Even if your canteen is already an extension of your arm, summer is here to test your commitment to hydration by adding to your daily water quota.
"You should definitely up your water intake during the hot summer months. When you're sweating, you lose water and electrolytes, which can make you feel lousy, dizzy, or imbalanced," Tracy Lockwood Beckerman, MS, CDN, RD, and author of The Better Period Food Solution, confirmed.
In her opinion, that means adding 12 ounces of water to your diet for every half hour you're working up a sweat.
But, how much should you be consuming in the first place? Let's remove summer from the conversation for a moment. Lori Zanini, RD, and creator of For the Love of Diabetes, previously explained to POPSUGAR that the average person should consume half of their bodyweight (in pounds), in fluid ounces, daily. So, if you're 175 pounds, you should aim for 88 ounces of water (or 11 cups) per day.
Once you add beach time, your rollerblading sessions, and a broken air conditioner (or whatever makes you schvitz from June to September) to the equation, it's fair to assume your Brita will be working overtime.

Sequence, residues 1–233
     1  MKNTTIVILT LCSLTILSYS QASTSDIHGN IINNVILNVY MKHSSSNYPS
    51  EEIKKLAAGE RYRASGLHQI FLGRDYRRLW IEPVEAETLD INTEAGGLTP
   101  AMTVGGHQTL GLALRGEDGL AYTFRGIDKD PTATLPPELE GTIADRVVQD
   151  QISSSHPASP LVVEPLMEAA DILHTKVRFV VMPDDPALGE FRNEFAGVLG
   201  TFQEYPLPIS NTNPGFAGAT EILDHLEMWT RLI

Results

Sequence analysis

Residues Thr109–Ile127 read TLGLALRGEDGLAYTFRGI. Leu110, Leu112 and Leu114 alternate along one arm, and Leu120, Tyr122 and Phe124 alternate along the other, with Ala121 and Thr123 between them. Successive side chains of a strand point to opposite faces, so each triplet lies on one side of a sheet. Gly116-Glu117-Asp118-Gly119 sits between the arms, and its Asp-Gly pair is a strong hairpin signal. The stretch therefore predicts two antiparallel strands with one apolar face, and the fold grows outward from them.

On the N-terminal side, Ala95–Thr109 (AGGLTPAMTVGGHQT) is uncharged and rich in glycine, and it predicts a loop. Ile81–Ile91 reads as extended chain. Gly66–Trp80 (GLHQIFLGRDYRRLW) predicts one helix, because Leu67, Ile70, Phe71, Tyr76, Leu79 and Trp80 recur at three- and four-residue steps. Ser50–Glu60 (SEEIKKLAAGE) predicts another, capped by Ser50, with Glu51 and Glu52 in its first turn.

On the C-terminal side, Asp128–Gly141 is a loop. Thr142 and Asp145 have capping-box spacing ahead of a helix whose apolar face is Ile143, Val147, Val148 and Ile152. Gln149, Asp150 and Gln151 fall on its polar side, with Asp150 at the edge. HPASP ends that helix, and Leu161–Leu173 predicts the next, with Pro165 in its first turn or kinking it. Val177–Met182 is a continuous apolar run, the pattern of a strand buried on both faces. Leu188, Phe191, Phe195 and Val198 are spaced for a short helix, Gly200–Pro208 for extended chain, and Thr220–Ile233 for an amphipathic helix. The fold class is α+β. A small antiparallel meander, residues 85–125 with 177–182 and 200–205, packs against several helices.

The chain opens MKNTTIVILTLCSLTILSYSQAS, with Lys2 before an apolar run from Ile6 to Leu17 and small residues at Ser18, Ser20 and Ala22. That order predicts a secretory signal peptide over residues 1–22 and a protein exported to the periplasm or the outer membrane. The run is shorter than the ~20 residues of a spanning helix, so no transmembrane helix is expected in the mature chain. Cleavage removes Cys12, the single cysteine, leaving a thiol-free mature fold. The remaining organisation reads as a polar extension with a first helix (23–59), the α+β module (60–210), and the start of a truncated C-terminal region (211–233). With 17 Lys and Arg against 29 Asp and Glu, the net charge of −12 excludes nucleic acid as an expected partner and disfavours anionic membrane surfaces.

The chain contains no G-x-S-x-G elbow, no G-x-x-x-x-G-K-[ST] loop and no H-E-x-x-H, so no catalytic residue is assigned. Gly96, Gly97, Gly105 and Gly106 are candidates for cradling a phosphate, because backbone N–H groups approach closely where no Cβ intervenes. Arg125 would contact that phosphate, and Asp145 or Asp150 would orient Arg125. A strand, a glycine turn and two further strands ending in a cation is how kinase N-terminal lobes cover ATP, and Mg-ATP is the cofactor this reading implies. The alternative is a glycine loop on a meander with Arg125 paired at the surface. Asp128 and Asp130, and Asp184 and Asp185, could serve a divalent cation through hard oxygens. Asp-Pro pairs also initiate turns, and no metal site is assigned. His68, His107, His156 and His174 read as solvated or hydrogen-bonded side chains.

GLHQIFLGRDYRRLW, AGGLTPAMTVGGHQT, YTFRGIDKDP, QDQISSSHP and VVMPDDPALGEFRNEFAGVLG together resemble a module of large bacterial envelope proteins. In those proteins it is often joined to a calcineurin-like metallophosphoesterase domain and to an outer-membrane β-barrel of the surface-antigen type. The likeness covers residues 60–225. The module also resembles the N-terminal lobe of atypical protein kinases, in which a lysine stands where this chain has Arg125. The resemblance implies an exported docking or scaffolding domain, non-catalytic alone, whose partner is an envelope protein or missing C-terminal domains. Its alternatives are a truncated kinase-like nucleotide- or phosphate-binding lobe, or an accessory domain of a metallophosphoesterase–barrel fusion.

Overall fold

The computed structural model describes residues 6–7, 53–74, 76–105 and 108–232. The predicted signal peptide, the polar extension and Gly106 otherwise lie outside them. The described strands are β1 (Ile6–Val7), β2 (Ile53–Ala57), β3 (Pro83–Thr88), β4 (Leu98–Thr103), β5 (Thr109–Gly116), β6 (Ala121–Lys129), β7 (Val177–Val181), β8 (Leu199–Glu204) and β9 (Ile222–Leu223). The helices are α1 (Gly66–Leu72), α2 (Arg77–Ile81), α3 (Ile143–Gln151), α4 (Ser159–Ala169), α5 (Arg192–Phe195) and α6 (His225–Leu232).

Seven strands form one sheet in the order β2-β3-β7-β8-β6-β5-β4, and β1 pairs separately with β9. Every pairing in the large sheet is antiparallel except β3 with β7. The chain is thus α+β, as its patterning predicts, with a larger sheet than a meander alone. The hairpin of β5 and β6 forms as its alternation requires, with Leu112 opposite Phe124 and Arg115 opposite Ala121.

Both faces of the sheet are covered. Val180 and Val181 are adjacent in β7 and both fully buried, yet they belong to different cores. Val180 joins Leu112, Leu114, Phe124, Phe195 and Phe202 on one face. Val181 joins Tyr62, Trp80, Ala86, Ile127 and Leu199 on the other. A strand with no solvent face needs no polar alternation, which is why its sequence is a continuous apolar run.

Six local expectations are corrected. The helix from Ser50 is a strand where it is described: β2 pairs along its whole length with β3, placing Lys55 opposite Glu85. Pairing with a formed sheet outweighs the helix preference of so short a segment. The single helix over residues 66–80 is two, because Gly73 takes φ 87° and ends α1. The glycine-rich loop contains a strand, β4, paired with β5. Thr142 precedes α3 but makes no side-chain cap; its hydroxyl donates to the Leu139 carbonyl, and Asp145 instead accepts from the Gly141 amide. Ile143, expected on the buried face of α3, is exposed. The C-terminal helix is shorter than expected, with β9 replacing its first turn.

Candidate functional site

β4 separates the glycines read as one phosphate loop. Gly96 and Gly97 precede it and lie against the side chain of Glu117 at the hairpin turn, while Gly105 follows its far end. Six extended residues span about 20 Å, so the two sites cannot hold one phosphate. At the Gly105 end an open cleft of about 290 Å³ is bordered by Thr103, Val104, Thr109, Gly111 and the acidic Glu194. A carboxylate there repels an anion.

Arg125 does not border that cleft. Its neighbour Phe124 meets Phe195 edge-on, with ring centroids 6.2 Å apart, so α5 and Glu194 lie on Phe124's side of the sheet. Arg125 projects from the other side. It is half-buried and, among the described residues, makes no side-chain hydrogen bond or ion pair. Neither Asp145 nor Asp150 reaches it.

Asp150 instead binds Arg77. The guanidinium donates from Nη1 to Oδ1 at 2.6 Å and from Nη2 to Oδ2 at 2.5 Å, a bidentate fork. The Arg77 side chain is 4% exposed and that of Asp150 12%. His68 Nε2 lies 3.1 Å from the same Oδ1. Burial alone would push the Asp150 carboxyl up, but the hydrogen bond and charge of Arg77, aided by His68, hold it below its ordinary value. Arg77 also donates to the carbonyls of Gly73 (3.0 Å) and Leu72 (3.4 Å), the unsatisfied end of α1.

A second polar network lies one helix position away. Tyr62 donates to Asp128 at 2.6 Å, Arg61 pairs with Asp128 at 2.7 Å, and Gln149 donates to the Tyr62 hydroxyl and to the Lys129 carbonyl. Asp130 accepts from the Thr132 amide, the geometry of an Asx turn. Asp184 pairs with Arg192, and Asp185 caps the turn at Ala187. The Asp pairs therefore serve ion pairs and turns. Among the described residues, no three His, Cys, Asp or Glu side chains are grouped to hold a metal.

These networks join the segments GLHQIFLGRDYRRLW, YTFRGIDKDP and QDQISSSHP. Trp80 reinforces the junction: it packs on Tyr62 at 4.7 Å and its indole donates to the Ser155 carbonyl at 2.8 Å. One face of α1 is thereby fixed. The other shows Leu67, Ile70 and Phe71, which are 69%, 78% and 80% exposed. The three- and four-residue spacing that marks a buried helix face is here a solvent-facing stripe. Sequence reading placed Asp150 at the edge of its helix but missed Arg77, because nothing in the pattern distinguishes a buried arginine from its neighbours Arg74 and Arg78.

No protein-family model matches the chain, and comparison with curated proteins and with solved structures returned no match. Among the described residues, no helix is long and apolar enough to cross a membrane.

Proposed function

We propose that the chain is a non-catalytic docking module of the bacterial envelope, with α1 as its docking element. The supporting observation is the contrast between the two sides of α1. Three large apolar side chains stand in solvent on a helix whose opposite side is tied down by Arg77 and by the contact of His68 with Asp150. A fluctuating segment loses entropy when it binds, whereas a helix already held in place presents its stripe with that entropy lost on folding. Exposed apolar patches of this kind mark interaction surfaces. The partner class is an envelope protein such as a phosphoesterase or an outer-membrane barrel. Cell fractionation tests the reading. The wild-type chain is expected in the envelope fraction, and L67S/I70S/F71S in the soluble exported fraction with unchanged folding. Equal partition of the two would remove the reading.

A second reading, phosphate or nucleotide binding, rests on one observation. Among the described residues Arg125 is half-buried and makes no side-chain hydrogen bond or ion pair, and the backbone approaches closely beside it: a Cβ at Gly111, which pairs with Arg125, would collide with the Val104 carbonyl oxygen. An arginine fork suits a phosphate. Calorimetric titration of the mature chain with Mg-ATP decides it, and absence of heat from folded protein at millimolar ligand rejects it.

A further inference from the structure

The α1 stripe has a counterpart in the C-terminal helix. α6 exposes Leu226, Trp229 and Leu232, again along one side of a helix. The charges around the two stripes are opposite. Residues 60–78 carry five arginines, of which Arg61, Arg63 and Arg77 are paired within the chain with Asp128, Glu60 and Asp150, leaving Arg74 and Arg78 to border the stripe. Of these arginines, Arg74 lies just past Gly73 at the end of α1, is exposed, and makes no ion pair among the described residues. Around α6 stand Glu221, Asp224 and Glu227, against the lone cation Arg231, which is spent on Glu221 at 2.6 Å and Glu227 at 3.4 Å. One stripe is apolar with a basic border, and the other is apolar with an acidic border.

Sure, there will be days when you lose track of your sips — that's when Beckerman resorts to what she calls "the color method": "If your urine is a pale light yellow to clear, you are well hydrated. If it's not, drink up! Your water needs may go up or down based on age, activity level, [and] temperature, so tune into what your body needs in order to hydrate it properly."
Practicing water-drinking discipline will be well worth your efforts, though, as water is the single largest component in the human body, Beckerman explained.
For that reason, proper hydration plays a major role in numerous metabolic functions such as digestion, muscle cramping, regulating body temperature, nausea, headaches, breathing, and all-around good health.
And since all roads to feeling good (well, most) seem to lead back to proper hydration, you can bet I'll be beaching and blading with my water bottle in hand from now on.